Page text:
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Divine Mercy Sunday 2005

Pope John Paul II died peacefully on the evening of 2 April, 9:37 pm Rome time. The last gift of the Holy Father for Divine Mercy Sunday, 3 April (also the Second Sunday of Easter), was the Regina Caeli, read by Archbishop Leonardo Sandri, Substitute of the Secretariat of State, at the end of the Holy Mass celebrated that day in St Peter's Square for the deceased Pope. "I have been charged", Archbishop Sandri said, "to read you the text that was prepared in accordance with his explicit instructions by the Holy Father John Paul II. I am deeply honoured to do so, but also filled with nostalgia."

Pope Saint John Paul II's words prepared for the Regina Caeli
Sunday 3rd April 2005 - in English, French, German, Italian, Portuguese & Spanish

Dear Brothers and Sisters,
1. Today the glorious Alleluia of Easter resounds. Today's Gospel from John underlines that the Risen Jesus, on the evening of that day, appeared to the Apostles and "showed them his hands and his side" (Jn 20: 20), that is, the signs of the sorrowful passion with which his Body was indelibly stamped, even after the resurrection. These glorious wounds, which he allowed the incredulous Thomas to touch eight days later, reveal the mercy of God who "so loved the world that he gave his only Son" (Jn 3: 16).

This mystery of love is at the heart of today's liturgy for Sunday in Albis, dedicated to the devotion of Divine Mercy.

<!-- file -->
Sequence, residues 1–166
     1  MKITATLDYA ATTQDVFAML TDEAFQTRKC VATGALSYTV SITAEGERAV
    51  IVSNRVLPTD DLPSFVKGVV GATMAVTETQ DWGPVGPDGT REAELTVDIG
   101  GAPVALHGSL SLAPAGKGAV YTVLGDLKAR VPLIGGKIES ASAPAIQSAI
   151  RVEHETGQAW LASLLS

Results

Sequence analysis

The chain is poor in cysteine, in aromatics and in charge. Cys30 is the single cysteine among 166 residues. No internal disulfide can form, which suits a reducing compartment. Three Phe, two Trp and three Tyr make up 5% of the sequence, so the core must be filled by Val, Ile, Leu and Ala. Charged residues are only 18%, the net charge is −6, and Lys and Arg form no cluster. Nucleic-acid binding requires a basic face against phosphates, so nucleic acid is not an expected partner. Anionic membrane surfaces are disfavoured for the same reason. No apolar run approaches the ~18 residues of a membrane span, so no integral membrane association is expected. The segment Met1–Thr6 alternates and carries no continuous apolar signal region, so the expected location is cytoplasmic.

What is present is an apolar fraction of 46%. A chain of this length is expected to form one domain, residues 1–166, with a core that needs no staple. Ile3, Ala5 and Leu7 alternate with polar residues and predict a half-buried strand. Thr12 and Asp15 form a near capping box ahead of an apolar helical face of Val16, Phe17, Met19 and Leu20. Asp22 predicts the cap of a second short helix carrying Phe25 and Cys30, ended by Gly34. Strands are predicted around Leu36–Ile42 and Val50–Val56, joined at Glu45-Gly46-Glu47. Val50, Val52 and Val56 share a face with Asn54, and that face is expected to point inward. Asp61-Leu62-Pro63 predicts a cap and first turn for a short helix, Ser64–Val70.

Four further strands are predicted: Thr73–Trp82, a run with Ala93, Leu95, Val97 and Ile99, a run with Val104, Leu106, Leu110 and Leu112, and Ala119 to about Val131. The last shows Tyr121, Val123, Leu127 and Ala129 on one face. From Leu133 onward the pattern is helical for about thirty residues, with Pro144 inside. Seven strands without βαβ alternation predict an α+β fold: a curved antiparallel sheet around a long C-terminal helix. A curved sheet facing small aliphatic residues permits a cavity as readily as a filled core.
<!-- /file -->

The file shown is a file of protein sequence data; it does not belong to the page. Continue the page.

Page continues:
2. To humanity, which sometimes seems bewildered and overwhelmed by the power of evil, of selfishness and fear, the Risen Lord offers as a gift his love which pardons, reconciles and reopens the soul to hope. It is a love which converts hearts and gives peace. What great need the world has to understand and accept Divine Mercy!

Lord, who by your death and resurrection reveal the love of the Father , we believe in You and with confidence repeat to you this day: Jesus, I trust in You, have mercy upon us and upon the whole world.

3. The liturgical solemnity of the Annunciation, which we will be celebrating tomorrow, urges us to contemplate with Mary's eyes the immense mystery of this merciful love which flows from the Heart of Christ. With her help, we will be able to understand the true meaning of Easter joy, which is based on this certainty: the One whom the Virgin bore in her womb, who suffered and died for us, is truly risen. Alleluia!